Tutorial: Create an R-powered Power BI visual

This tutorial describes how to create an R-powered visual for Power BI.

In this tutorial, you learn how to:

  • Create an R-powered visual
  • Edit the R script in Power BI Desktop
  • Add libraries to the visual
  • Add a static property

Prerequisites

Getting started

  1. Prepare sample data for the visual. You can save these values to an Excel database or .csv file and import it into Power BI Desktop.

    MonthNo Total Units
    1 2303
    2 2319
    3 1732
    4 1615
    5 1427
    6 2253
    7 1147
    8 1515
    9 2516
    10 3131
    11 3170
    12 2762
  2. To create a visual, open PowerShell or Terminal, and run the following command:

    pbiviz new rVisualSample -t rvisual
    

    This command creates a new folder structure based on the rvisual template. This template includes a basic, ready-to-run R-powered visual that runs the following R script:

    plot(Values)
    

    The Values data frame will contain columns in Values data role.

  3. Assign data to the developer visual by adding MonthNo and Total units to Values for the visual.

    R visual with data

Editing the R Script

When you use pbiviz to create the R-powered visual based on the rvisual template, it creates a file called script.r in the root folder of the visual. This file holds the R script that runs to generate the image for a user. You can create your R script in Power BI Desktop.

  1. In Power BI Desktop, select R script visual:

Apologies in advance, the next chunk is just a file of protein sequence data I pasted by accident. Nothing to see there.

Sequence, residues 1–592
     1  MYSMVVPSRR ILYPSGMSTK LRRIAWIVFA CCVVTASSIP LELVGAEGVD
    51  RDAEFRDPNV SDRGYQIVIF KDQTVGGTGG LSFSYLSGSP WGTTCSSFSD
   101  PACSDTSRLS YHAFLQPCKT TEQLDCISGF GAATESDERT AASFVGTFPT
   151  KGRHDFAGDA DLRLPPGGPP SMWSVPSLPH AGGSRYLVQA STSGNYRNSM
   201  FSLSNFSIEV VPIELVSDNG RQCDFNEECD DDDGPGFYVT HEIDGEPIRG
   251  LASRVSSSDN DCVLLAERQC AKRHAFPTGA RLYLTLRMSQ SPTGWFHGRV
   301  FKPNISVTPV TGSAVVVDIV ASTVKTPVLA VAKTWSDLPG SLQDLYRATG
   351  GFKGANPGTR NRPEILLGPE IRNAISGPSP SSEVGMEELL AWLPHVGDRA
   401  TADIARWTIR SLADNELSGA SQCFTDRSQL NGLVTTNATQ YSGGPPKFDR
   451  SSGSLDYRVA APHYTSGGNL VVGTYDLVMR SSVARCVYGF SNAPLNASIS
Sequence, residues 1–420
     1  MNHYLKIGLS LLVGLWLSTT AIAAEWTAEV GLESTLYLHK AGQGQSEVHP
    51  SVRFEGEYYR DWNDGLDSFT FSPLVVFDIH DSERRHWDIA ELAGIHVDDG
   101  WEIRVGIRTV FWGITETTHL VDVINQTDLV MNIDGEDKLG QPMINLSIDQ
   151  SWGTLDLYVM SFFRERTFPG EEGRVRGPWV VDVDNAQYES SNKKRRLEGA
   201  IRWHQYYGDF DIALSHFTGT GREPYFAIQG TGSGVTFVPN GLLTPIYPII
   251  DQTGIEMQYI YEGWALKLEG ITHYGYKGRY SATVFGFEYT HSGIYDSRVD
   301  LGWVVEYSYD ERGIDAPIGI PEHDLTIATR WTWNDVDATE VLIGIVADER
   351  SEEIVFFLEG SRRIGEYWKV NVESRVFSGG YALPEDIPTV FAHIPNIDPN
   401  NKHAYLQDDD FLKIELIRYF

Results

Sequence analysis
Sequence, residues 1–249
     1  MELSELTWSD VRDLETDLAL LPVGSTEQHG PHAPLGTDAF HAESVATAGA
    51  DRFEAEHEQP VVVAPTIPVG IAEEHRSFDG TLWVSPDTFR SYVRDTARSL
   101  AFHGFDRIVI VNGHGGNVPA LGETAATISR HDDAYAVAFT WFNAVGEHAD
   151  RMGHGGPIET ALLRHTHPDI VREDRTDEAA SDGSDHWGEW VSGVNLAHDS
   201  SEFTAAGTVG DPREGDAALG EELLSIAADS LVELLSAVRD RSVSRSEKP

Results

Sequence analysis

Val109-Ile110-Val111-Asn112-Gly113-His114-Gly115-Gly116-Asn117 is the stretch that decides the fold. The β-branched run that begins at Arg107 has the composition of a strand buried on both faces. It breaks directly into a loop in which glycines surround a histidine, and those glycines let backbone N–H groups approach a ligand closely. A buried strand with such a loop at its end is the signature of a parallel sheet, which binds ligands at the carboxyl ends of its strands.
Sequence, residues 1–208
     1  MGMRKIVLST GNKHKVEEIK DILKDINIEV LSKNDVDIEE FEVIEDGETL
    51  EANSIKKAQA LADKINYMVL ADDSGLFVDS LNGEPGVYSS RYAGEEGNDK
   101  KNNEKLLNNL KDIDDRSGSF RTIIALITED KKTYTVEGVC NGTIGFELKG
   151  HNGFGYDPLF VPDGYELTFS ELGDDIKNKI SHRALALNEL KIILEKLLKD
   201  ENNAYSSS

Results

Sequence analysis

Screenshot shows the R script visual control in the Power B I Desktop.

  2. Paste this R code into the R script editor:

    x <- dataset[,1] # get the first column from dataset
    y <- dataset[,2] # get the second column from dataset
    
    columnNames = colnames(dataset) # get column names
    
    plot(x, y, type="n", xlab=columnNames[1], ylab=columnNames[2]) # draw empty plot with axis and labels only
    lines(x, y, col="green") # draw line plot
    
  3. Select the Run script icon to see the result.

    Screenshot shows the result of running the script, which is a line plot.

  4. When your R script is ready, copy it to the script.r file in your visual project created at one of the previous steps.

  5. Change the name of dataRoles in capabilities.json to dataRoles. Power BI passes data as the dataset data frame object for the R script visual, but the R visual gets the data frame name according to dataRoles names.

    {
      "dataRoles": [
        {
          "displayName": "Values",
          "kind": "GroupingOrMeasure",
          "name": "dataRoles"
        }
      ],
      "dataViewMappings": [
        {